Avoiding Adverse Drug Interactions
#FlySafe GA Safety Enhancement Topic
Editor’s Note: The content of this article was updated on Oct. 11, 2022.
Impairment from medication, particularly over-the-counter (OTC) medication, has been cited in a number of accidents in general aviation (GA). In a 2011 study from the FAA Civil Aerospace Medical Institute’s Toxicology Lab, drugs/medications were found in 570 pilots (42%) from 1,353 total fatal pilots tested. Of the pilots with positive drug results, 90%, were flying under 14 CFR part 91.
What’s the Problem?
As you know, some drugs and medical conditions can compromise a pilot’s ability to control the aircraft and/or adversely affect judgment and decision-making. When the FAA reviews an application for a medical certificate, it endeavors to ensure that the risk from any medical condition and/or treatment has been adequately mitigated for safe flight. Some airmen fail to disclose all conditions and medications to their Aviation Medical Examiner (AME). Consequently, the AME does not have the opportunity to suggest steps to enhance safety. Both the undisclosed condition(s) and the treatment can endanger you, your passengers, and the public.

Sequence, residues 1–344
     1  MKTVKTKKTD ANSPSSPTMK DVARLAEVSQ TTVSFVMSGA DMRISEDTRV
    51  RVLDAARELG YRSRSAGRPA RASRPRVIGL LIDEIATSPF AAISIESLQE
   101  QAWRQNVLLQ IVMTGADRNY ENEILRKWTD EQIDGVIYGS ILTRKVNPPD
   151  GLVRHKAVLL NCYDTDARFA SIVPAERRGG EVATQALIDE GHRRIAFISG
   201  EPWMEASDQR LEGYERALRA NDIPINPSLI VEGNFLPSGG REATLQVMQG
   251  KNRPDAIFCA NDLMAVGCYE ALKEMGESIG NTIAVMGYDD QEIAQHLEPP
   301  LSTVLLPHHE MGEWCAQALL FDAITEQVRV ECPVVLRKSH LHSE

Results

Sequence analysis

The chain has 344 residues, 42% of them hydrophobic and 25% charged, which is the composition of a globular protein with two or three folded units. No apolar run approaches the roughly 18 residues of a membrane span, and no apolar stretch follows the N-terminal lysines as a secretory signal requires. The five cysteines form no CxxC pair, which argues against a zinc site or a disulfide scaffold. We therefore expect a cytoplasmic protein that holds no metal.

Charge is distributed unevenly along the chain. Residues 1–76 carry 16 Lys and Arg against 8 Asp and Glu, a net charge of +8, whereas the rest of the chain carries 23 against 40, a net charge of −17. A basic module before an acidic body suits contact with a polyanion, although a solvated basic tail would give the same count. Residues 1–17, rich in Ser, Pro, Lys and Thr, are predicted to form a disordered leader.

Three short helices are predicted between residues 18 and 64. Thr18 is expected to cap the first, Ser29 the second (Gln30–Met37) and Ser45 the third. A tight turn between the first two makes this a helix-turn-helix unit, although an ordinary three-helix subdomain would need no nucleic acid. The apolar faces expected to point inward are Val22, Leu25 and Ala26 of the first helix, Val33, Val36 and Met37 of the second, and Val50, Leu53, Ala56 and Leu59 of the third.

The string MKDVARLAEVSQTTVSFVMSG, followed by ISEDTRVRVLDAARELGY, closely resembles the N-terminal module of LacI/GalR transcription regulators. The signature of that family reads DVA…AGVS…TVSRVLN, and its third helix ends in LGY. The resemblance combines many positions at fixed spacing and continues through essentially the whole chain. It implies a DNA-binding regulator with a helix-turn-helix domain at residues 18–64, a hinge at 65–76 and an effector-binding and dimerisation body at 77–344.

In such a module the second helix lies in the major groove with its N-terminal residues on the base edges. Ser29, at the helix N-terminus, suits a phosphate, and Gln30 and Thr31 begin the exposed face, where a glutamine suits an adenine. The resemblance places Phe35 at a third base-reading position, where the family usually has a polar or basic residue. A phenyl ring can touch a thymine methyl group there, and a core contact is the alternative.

According to a 2015 CDC study, nearly 74% of doctor office visits resulted in drug therapy and 24% of the U.S. population had 3 or more prescriptions. Many medications have unexpected interactions with other prescription medications as well as over the counter medications (OTCs), supplements and herbals. For example, antihistamines can adversely react with some prescription drugs used to treat high blood pressure. Some foods and medications can increase or decrease the clearance of other drugs. For example, grapefruit or grapefruit juice can interfere with the metabolism of statins and cause dangerous side effects. Many such interactions can be exacerbated in the aviation environment. Accordingly, it is important to disclose all medications you are taking to your AME. Here’s a resource from the FDA you can use to learn more about adverse food and drug reactions, as well as some helpful information from the American Heart Association. These resources describe some but by no means all, adverse drug and food interactions.